FolkWorld article by The Mollis


Comedy, European traditions, French music and much more from Prince Edward Island; Canada

It all began on Saturday morning at the Canadina Music press reception at Tonder Festival 1997. We sat there at a table with a few other guys, and it took quite a time until we realised that they were part of the band we were most curious to see: Barachois. It was a quite happy reception, as the Canadian ambassador had sponspered 600 cans of beer for maybe 30 musicians and press people... As we talked we became interested in the tradition of this special Franco-Canadian band.

2 Barachois, Louise and Albert Arsenault; photo by The Mollis In Canada there are some European based musical traditions preserved that in the European mother country have long since died. When now a Canadian band comes to play its music in their original mother country, it might be exciting for the people to see their traditions that they do not know.
When Barachois played in France in their ancestor's home region, they had good reactions to their music. Thinks Hélène, "they were very interested in the fact that we preserved the traditions whereas they lost them, and being such a minority, and being so far away from their mother country in another country, that the traditional music was there safe, they found it very interesting." A lot of people in France say that they have lost their traditional music, especially in the Maritime part where the Arcadians come from. In Brittany, in Normandy and in parts of Southern Franceand the Pyrenees there is still traditional music, traditional costumes and dances, but in the part of France where the Arcadians - and Barachois - have their origins, people say they have lost their traditional music. "So they do not recognize the songs that we do. Although - once we did a songs there, and afterwards a lady came to us and said she knew that song, she has heard that song before."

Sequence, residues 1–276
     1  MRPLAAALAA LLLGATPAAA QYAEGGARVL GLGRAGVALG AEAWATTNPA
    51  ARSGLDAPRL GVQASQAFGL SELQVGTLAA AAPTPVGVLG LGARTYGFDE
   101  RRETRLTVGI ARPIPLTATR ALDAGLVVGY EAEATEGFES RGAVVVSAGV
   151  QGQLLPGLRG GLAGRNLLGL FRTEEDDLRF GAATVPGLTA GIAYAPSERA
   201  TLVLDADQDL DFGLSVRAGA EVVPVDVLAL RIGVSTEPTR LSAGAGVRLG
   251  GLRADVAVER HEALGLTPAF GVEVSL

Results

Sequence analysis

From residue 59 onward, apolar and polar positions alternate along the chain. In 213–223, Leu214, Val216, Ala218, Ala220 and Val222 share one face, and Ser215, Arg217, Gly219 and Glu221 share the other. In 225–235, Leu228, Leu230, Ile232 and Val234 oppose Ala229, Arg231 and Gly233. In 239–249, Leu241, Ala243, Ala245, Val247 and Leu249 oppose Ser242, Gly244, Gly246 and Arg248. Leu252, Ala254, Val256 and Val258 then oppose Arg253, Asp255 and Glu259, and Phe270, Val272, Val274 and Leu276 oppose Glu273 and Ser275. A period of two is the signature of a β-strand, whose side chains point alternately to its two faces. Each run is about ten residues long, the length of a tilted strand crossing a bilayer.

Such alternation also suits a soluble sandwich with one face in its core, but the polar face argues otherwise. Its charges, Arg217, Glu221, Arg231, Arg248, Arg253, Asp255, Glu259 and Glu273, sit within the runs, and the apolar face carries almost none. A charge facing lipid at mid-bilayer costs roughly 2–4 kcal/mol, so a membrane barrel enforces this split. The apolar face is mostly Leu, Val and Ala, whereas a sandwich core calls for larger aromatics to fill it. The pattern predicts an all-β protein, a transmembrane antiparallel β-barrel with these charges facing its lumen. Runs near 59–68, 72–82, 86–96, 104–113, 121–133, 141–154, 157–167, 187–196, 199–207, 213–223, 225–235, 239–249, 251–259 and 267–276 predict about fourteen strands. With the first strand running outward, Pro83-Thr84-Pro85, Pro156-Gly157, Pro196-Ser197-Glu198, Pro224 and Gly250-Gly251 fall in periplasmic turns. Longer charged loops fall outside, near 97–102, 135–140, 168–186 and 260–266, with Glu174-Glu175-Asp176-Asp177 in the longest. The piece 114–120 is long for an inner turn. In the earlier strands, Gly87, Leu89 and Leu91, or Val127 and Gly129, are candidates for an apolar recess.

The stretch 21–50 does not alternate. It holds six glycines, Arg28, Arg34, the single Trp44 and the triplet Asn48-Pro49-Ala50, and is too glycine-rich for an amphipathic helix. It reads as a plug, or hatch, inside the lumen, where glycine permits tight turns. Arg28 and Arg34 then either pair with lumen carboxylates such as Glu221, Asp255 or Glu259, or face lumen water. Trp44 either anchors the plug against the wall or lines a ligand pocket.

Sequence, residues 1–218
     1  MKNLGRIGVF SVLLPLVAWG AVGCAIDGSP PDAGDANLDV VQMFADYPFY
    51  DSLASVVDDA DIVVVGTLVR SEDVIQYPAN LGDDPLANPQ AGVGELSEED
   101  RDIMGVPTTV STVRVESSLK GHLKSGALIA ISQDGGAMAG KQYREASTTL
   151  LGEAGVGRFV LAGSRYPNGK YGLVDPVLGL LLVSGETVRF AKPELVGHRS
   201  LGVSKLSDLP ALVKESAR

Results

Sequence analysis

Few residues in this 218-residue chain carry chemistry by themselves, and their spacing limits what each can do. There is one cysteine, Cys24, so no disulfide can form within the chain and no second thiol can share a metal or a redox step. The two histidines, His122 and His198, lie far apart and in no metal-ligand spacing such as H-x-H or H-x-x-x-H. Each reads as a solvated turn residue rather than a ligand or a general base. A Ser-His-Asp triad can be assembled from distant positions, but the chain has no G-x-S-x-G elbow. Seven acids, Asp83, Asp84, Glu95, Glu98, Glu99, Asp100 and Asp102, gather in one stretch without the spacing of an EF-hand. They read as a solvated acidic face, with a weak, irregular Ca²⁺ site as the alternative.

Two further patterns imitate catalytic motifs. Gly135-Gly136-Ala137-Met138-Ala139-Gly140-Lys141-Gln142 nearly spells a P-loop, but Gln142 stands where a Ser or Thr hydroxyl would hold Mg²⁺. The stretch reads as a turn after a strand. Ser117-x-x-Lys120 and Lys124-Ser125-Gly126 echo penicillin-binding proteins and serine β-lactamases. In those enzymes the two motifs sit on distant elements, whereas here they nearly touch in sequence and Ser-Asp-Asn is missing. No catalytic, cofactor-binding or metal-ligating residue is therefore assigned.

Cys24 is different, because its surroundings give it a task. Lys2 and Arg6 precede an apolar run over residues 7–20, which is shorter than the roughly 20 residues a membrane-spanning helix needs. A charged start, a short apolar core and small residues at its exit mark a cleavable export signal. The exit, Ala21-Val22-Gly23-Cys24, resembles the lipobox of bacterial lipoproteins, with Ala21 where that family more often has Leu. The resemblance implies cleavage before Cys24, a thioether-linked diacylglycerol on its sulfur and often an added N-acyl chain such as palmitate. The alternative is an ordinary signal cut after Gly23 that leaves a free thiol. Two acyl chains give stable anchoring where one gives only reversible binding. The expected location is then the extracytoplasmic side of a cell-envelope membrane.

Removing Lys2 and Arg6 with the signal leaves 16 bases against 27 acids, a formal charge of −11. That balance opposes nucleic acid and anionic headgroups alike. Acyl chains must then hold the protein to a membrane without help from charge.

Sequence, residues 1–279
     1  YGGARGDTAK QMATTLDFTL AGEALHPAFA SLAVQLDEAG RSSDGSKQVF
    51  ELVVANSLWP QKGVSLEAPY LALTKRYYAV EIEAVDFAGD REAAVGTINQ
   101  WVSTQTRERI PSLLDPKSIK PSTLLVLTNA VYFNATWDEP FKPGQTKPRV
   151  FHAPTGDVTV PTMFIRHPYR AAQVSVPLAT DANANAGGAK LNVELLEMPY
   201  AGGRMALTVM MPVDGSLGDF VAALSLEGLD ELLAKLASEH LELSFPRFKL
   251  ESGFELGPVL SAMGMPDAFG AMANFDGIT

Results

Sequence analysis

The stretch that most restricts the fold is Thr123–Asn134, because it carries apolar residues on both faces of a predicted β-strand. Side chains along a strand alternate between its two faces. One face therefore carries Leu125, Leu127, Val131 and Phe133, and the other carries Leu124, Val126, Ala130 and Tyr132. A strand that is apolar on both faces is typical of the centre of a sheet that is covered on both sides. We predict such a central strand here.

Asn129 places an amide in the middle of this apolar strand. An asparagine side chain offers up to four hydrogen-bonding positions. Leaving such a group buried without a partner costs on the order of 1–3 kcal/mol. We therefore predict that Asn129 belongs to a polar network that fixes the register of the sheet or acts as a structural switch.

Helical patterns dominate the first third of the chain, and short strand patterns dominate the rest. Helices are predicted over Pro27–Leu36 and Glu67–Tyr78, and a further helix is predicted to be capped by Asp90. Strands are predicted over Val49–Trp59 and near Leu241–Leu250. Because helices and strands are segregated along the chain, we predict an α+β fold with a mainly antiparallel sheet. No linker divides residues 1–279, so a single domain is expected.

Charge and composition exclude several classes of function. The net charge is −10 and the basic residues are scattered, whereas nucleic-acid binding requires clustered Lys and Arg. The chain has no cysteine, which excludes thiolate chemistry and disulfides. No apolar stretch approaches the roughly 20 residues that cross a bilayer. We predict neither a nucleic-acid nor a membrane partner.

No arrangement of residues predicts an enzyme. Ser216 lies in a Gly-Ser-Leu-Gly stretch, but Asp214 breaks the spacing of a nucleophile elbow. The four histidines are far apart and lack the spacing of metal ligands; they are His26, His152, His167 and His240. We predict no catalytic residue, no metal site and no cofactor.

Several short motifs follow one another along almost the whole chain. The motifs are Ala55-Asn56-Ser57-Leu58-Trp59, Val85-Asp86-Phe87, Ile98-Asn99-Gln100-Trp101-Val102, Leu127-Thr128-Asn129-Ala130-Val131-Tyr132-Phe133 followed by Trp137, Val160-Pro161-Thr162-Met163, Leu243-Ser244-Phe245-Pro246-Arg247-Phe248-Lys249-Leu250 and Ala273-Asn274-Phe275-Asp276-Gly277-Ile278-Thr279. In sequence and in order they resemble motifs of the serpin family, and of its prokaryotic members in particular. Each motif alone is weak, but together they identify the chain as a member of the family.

It is not that music and songs are preserved in its original form; there were different influences when the Arcadians came to Canada - mostly fiddle music. "Where we live now, there are a lot of Scottish and Irish influences in the music. So there is a Scottish style in the fiddling; and when we mix that with the singing it sort of makes another style. Barachois as band have been together for two years. Their live performances are indeed special, they make with their high quality traditional music a real comedy show where no eye stays dry - without doubt one of the best live acts around.